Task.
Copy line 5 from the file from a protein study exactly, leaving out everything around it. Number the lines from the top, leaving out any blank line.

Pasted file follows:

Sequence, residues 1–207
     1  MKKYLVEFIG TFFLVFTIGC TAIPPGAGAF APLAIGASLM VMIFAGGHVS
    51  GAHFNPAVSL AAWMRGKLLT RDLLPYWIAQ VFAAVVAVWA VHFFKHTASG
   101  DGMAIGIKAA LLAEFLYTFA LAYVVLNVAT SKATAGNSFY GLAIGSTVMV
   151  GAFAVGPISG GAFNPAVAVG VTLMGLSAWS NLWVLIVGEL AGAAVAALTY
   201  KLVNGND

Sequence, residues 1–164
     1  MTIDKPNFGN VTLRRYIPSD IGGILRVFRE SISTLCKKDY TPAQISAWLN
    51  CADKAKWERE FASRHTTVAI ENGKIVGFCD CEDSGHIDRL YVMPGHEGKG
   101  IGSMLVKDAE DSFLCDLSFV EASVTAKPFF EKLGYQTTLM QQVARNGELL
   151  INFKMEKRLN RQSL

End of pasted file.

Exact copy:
   151  GAFAVGPISG GAFNPAVAVG VTLMGLSAWS NLWVLIVGEL AGAAVAALTY